48.11. {1579L(AB){But allow me to add here also the description form the history by Paradinus as he has published it, which is the following: The region now called in Latin Sabaudia (vulgarly Savoie) was by the ancients called Allobrogum. It covers the entire area once occupied by the Sabbati, Ingauni, Intimeli, Hiconi, Tricori, Voconti, Leponti, Latobrigi, Medualli, Centrones, Catigores, Veragri, Nantuati, Salassi, Tharantasi, & Seduni. Nowadays these regions have different names, and as the indigenous people now call them, include the regions of Savoie, the duchy of Geneva, the marchionate of Susa, the duchy of Morienna, the dominion of Tharantaise, Brengeois, Foucigny, Chablais, Val de Oste, Païs de Vaul, de Geis, and some others.
48.12. The duchy of Sabaudia rules over the Pedemontana region, ornated with the title of principality, and also the region of Bressanensis, including the duchy of Varaz, Montreuil, Pont de Vaux, Bagey &c. On the basis of ancient monuments it is clear that this entire region was once a kingdom: in the times of Hannibal, who was made the arbiter by Broncus, his brother, concerning this region, he was able to solve the quarrels here, and he restored the rule of it to the original owner, who had been expelled by a younger person, as Livius tells us in book 21.
48.13. Betultum (or, as others read it, Bituitum) their king was captured by Quintus Fabius Maximus, as L. Florus writes. King Cottius (after which this part of the Alps is called Cottia) is remembered by various authors in the time of Emperor Augustus}1579L(AB) & 1580G end here}.

Vernacular version, derived from the 1571/1573 Dutch, the 1572/1573 German, the 1572/1574 French and the 1581 French editions:

48.14. {1571/1573D{Languedoc and Provence.

48.15. This map only shows the sea coast of the land of Languedoc and Provence. Languedoc is called as it is because where the other French say ouy for yes, these people say oc. Thus Languedoc simply means the language of oc. [note that according to this reasoning, it should mean: the language of yes or OK]. The main cities on this map are {not in 1572/1574F & 1581F{Lyon, a very ancient city, pleasantly located on the junction of two rivers, the Saône and the Rhône. It is a large merchant city}not in 1572/1574F & 1581F}. Marseille [is] an old harbour, built by the Greeks a long time ago. Arles on the Rhône was once a big merchant city, as Strabo writes.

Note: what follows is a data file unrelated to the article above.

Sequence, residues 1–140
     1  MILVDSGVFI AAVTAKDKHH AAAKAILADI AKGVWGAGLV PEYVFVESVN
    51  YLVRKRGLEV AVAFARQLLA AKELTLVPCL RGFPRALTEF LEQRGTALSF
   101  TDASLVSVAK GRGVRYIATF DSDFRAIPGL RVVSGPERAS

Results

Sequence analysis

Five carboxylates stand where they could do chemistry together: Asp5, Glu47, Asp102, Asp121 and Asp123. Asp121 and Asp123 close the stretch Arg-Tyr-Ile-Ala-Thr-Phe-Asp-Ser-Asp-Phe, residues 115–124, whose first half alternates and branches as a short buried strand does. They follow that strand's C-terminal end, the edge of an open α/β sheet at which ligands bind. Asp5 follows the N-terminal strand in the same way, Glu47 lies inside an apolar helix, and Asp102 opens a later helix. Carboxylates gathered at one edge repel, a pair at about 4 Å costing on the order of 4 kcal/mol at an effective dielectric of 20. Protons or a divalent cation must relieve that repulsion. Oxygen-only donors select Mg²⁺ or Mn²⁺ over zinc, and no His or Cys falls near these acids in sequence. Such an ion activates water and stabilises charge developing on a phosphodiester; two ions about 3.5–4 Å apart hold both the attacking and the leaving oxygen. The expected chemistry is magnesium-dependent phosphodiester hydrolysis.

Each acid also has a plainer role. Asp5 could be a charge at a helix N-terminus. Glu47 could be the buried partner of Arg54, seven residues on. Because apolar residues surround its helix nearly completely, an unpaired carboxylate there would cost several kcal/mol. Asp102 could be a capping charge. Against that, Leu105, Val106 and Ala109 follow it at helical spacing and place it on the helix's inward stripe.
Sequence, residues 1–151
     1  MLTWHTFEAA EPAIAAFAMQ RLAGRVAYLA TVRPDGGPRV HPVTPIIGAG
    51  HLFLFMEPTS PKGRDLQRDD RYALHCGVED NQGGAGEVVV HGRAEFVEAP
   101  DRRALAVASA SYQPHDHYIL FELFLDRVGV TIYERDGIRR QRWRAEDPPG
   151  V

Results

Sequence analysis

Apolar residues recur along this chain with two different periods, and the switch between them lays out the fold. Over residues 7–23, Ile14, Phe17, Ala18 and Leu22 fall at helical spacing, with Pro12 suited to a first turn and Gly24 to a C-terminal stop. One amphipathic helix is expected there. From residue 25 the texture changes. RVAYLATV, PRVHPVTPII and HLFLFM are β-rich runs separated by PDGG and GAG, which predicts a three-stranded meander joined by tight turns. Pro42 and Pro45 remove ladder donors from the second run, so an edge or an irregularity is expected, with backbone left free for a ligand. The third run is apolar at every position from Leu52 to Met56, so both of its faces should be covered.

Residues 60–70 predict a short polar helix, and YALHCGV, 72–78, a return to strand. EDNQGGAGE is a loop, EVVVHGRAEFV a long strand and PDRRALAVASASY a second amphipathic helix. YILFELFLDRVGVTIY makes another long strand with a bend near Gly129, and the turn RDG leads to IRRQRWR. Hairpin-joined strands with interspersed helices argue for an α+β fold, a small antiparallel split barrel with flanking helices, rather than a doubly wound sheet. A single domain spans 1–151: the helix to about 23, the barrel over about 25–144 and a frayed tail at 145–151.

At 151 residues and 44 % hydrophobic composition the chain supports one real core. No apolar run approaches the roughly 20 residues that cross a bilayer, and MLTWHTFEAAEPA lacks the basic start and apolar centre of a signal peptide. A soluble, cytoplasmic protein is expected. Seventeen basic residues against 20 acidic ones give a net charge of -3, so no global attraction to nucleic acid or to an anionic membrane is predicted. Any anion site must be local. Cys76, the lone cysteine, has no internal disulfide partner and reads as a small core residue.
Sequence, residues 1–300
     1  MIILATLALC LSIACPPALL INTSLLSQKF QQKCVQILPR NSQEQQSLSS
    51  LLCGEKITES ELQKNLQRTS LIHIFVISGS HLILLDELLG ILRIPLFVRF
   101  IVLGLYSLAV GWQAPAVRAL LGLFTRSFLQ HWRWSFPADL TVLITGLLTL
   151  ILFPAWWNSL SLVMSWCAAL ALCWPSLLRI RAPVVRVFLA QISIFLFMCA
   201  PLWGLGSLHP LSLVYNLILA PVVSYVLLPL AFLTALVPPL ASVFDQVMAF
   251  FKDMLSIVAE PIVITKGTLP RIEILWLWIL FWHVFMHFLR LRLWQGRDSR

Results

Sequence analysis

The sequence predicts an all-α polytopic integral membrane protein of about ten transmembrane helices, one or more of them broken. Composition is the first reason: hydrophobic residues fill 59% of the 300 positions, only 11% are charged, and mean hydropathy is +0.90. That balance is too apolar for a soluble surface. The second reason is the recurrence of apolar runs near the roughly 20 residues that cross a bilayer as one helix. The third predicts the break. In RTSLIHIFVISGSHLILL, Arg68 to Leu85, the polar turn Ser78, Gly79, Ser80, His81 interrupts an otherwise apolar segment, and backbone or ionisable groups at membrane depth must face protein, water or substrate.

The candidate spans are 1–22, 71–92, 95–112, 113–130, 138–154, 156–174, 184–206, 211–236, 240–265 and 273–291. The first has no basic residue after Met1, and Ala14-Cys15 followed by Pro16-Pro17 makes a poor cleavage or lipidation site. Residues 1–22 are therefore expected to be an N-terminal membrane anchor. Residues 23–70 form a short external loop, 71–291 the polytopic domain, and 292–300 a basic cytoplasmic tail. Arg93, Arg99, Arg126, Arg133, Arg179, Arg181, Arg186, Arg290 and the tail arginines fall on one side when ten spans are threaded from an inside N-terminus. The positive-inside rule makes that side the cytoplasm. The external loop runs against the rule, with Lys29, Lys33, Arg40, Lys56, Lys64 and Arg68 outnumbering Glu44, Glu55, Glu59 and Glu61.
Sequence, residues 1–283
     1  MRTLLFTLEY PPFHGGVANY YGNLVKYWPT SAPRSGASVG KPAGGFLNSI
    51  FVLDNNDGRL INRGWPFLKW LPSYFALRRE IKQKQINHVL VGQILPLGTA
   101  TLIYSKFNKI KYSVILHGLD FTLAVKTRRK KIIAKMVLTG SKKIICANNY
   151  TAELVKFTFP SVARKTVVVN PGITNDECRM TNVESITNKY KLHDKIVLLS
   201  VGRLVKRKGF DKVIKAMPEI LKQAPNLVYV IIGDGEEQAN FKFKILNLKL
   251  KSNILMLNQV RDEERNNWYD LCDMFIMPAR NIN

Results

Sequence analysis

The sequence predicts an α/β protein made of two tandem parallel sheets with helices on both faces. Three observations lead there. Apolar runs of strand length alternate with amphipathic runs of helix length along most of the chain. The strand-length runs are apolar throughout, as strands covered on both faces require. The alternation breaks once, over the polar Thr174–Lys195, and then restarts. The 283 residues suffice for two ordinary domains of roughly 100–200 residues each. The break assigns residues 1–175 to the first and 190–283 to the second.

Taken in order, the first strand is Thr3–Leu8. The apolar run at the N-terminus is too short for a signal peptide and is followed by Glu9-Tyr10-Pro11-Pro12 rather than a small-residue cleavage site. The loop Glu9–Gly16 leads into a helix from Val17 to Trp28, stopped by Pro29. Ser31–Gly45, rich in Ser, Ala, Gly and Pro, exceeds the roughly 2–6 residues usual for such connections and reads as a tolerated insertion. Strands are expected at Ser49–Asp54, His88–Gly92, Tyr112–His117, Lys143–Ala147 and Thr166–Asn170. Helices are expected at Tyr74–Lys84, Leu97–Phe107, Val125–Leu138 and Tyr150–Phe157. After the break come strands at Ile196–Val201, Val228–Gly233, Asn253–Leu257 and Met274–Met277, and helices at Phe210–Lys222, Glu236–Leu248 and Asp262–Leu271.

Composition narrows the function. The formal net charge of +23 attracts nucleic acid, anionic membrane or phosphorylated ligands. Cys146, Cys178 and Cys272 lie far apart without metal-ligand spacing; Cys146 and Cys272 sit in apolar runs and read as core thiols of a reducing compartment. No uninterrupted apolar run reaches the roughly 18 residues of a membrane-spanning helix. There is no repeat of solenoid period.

48.16. Avignon, built at the same river, is a large and rich city, for some time the see of the popes. Nîmes is an old city with many ancient monuments, such as the amphitheatres or colloseums and temples, about which Ian Poldo has written an entire book, pleasant to read for those who love ancient structures. In Orange there is also an amphitheatre, and other antiquities, such as triumphal arches and the like.
48.17. Montpelliers has a well known university, renowned for its medicine and law all over Europe. Then there are Narbonne and other cities, as the reader will see on this map. Out of friendship, we obtained this small map from Carolus Clusius, doctor in medicine, who designed it on the spot.

48.18. {not in 1581F{Burgundy and}not in 1581F} Savoie.

48.19. {not in 1581F{Burgundy consists of two parts, the one is high-Burgundy, the other is lower-Burgundy, which is a duchy. High-Burgundy is a countship, which is depicted on this map. Its capital is Besançon, an old city and an archbishopric with a university. The inhabitants of this country are known to everyone because of their great courage, pious behaviour and fidelity to their king, as proved in peace and war}not in 1581F}.
48.20. The duchy of Savoie seems to be French because it is located on this side of the high mountain range, but it has its own lord, who is also lord of the region of Piemont. Its main city is Chambéry. Here they preserve and exhibit a worthy relic, namely the shroud of Lord Jesus Christ with which he was put into his grave, which we saw in the year 1560 in Vercelli, Piemont (to which it was transferred because of the war waged between the king of France and the duke of Savoie) in deep devotion, still showing the shape of his body with spots of blood. There are more other cities, such as Tarantaise, Moustiers, Monbelial etc.}1571/1573D, 1572/1573G, 1572/1574F end here}.
48.21. (1581F only{To Savoye also belongs the principality of Piedmont and the land of Bressau in which you find the duchies of Varaz, Montreuil, Pont de Vaulx, Bagey etc. Charles de Bouillon writes that once this province of Savoye, being entirely situated in the mountains, was only inhabited by robbers and criminals, who made the passage here very difficult and dangerous, for which reason it was called Malvoye [the bad road]. But afterwards a certain gentleman obtained it from the Emperor under the title of a duchy. And he removed these evil criminals and made it safe for travellers, and called it Saufvoye [the safe road]. This same country was in the times of Hannibal a kingdom, as you may read in Titus Livius and in I. Flores}1581F only, which ends here}.